- To encourage and defend African solidarity on problems that concern the country and its people.
- Encourage international cooperation while keeping the United Nations Charter as well as the Universal Declaration of Human Rights in mind.
- To create peace, security, and stability.
- To promote democratic values and institutions, as well as public involvement and good governance.
- In line with the African Charter on Human and Peoples' Rights as well as other applicable human rights instruments, to promote and safeguard human and peoples' rights.
- To provide the conditions that would allow Africa to take its proper place in the global market and in international talks.
- To encourage economic, social, and cultural sustainability and the unification of African economies.
African Union Assembly
The African Union Assembly, which is made up of all the heads of state and government from member states, is the highest decision-making body. Félix Tshisekedi, President of the Democratic Republic of the Congo, chairs the Assembly. The Pan-African Parliament, which is made up of 265 members elected by the national legislatures of AU member states, is another representative body of the organization. Roger Nkodo Dang is the organization's President. The African Union's other political institutions include:
- The Executive Council, which is made up of foreign ministers and prepares decisions for the Assembly;
- The Permanent Representatives Committee, which is made up of AU member states' ambassadors to Addis Ababa; and
- The Economic Council
Nkosazana Dlamini-Zuma of South Africa chairs the African Union Commission, which serves as a secretariat to the political bodies. Dlamini-Zuma became the first female head of the African Union Commission on 15 July 2012, after defeating Jean Ping of Gabon in a closely contested vote. The African Union Commission serves as the AU's executive/administrative department or secretariat. It is comprised of a number of Commissioners who are responsible for several policy areas.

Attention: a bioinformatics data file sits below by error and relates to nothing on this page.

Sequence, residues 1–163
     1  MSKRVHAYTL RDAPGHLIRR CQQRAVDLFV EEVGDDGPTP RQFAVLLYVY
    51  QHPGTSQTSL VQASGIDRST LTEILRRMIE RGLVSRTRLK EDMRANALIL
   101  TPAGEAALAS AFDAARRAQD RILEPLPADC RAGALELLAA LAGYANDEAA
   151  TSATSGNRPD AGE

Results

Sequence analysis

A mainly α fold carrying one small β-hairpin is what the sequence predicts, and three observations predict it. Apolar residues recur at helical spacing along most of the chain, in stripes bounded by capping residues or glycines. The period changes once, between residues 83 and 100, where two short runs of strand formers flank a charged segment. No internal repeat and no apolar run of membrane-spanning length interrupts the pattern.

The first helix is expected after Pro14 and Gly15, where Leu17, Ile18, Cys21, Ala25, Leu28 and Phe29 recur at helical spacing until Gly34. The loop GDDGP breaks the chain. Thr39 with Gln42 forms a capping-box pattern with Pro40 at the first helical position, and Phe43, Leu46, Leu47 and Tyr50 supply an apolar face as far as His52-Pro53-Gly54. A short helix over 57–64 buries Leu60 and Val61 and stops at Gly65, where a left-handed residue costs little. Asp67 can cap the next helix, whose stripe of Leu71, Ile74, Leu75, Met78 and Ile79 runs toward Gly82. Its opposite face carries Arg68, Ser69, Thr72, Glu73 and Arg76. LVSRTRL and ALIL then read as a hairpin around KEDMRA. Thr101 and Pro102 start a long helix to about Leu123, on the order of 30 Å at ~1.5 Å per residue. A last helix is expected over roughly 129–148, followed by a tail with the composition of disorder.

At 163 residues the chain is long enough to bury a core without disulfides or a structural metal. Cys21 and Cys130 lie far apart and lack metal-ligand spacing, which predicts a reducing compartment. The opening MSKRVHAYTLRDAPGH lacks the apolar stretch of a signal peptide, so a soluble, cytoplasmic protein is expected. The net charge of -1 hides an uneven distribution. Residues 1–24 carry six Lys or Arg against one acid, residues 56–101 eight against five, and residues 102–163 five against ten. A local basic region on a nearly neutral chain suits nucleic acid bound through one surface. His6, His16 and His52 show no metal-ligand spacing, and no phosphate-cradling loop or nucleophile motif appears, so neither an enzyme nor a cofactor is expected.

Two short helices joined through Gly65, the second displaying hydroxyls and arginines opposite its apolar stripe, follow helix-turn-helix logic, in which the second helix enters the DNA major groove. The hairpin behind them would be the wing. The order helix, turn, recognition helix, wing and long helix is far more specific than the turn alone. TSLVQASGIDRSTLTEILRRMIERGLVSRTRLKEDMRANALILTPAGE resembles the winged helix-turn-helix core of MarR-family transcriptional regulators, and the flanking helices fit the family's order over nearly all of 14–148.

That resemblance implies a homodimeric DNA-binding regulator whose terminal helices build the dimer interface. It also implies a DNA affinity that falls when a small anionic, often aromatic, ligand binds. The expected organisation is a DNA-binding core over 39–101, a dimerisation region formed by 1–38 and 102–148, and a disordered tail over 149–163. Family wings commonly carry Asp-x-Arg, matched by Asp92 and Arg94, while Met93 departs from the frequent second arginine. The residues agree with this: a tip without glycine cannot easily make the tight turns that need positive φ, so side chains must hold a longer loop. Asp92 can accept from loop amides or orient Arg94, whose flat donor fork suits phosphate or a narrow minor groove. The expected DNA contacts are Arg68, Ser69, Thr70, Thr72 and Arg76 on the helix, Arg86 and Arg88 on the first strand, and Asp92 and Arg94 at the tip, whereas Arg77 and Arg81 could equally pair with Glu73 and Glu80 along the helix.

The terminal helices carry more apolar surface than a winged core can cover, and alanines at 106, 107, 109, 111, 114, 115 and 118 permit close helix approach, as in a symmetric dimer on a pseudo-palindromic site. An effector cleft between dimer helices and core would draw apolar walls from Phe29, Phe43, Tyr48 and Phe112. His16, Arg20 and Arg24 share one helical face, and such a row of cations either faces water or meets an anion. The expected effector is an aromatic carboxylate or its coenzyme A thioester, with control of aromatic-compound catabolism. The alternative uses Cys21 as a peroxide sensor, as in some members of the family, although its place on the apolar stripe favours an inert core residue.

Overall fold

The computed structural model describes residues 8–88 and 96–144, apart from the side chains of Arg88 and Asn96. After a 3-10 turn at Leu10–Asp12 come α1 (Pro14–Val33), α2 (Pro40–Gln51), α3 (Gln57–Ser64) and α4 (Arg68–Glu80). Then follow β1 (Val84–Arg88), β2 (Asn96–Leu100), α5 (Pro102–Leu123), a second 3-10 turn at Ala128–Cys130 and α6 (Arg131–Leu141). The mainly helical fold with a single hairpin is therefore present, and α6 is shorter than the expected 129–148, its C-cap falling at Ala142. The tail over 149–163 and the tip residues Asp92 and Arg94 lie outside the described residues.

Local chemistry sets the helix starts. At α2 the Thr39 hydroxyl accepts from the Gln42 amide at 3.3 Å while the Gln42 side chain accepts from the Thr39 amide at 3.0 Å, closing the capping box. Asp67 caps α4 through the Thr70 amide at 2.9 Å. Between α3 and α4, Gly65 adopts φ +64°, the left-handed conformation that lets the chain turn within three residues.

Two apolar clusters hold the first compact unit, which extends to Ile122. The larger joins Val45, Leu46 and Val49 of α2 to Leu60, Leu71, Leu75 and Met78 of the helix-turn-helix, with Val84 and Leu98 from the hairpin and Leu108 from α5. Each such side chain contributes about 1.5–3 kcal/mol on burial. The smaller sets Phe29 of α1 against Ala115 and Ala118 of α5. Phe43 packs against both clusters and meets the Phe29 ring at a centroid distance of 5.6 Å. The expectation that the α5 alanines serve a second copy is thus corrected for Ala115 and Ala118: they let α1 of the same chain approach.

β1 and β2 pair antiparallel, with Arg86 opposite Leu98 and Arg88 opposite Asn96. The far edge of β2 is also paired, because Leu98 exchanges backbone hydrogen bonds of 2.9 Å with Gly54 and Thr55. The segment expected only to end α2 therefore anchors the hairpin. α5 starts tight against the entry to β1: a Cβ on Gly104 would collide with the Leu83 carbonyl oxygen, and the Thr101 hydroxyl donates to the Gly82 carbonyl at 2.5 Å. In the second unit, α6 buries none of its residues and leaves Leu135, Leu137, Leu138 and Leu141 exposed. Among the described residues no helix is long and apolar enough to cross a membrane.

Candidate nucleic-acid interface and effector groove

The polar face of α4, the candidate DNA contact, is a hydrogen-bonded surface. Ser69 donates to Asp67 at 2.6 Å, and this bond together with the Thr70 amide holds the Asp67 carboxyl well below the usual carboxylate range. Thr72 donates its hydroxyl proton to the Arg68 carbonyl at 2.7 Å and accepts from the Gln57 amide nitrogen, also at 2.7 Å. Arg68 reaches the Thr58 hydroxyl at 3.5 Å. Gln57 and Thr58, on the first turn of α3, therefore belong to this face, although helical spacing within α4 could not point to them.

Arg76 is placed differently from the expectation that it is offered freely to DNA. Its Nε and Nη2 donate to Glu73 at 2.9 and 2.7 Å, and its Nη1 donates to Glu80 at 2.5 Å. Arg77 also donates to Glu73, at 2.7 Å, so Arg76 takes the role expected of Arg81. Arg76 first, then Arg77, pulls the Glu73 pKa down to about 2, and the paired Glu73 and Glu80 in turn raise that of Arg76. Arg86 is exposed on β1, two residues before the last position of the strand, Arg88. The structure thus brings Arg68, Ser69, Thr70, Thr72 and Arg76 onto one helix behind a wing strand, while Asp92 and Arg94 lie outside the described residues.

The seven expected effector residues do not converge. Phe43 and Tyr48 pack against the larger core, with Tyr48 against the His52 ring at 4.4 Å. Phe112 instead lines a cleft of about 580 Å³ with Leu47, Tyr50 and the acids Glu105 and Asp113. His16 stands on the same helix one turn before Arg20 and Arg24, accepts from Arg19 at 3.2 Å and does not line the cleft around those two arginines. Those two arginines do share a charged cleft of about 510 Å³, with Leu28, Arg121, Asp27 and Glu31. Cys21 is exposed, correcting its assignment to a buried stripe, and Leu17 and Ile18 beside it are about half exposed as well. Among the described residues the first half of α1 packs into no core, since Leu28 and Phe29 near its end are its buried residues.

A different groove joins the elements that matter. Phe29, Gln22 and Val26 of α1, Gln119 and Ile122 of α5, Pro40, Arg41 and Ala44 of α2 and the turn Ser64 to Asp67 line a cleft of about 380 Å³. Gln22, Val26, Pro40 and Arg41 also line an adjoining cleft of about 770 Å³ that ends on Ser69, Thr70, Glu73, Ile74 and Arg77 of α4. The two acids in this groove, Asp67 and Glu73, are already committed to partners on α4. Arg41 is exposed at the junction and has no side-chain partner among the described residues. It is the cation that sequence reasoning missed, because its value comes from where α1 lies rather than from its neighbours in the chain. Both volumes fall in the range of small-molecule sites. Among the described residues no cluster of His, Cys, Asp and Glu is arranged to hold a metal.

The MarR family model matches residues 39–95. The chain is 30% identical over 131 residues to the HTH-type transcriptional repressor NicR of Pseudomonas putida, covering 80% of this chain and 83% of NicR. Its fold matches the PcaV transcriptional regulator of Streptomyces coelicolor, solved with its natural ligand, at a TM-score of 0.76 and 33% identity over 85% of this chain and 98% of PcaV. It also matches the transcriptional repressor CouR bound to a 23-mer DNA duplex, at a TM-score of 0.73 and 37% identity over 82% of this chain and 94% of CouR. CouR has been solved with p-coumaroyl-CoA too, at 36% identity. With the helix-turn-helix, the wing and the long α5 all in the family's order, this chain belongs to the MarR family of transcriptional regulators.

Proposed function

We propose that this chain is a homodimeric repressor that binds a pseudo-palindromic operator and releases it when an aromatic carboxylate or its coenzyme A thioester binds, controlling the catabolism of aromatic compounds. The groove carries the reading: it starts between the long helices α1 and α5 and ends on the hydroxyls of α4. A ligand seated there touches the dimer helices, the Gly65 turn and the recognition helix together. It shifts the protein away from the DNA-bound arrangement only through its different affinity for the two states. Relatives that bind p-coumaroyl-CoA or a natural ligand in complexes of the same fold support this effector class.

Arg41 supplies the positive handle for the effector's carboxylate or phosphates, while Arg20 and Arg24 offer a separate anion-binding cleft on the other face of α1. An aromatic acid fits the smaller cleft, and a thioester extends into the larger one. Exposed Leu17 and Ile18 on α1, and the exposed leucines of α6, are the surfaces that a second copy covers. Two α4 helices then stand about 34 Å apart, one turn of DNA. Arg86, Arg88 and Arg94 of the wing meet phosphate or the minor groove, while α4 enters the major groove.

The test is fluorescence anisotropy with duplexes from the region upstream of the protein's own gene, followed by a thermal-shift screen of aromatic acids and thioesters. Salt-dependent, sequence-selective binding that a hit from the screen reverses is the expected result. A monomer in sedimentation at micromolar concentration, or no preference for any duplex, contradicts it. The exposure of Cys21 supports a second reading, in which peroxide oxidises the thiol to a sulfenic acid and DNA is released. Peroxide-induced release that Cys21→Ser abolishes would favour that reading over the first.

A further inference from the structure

FAQs on African Union
Q1. What is the African Union?
African Union is a continental union comprising of 55 member states that promote solidarity and unity among all African countries. The union was established to replace the Organization of African Unity and came into existence on 9 September 1999.
Q2. Who is the present chairperson of the African Union?
President Macky Sall of Senegal is the present chairperson of the African Union. She was elected as the new chairperson of the African Union (AU) for 2022. She succeeded Felix- Antoine Tshisekedi Tshilombo, President of the Democratic Republic of Congo as the new chairperson.
Q3. How many nations are members of the African Union?
The African Union is composed of 55 member states that represent all of Africa's countries. It is organized into five geographical zones. All African Union members have a say and representation in the decisions that the Assembly of African Union makes.
Q4. Why is the African Union Commission's headquarters in Ethiopia?
Ethiopia is a strong state in an unstable portion of Africa and has a key position as the home of the African Union Commission. Ethiopia is also seen as a key ally of the European Union in its efforts to prevent African migrants from migrating to Europe.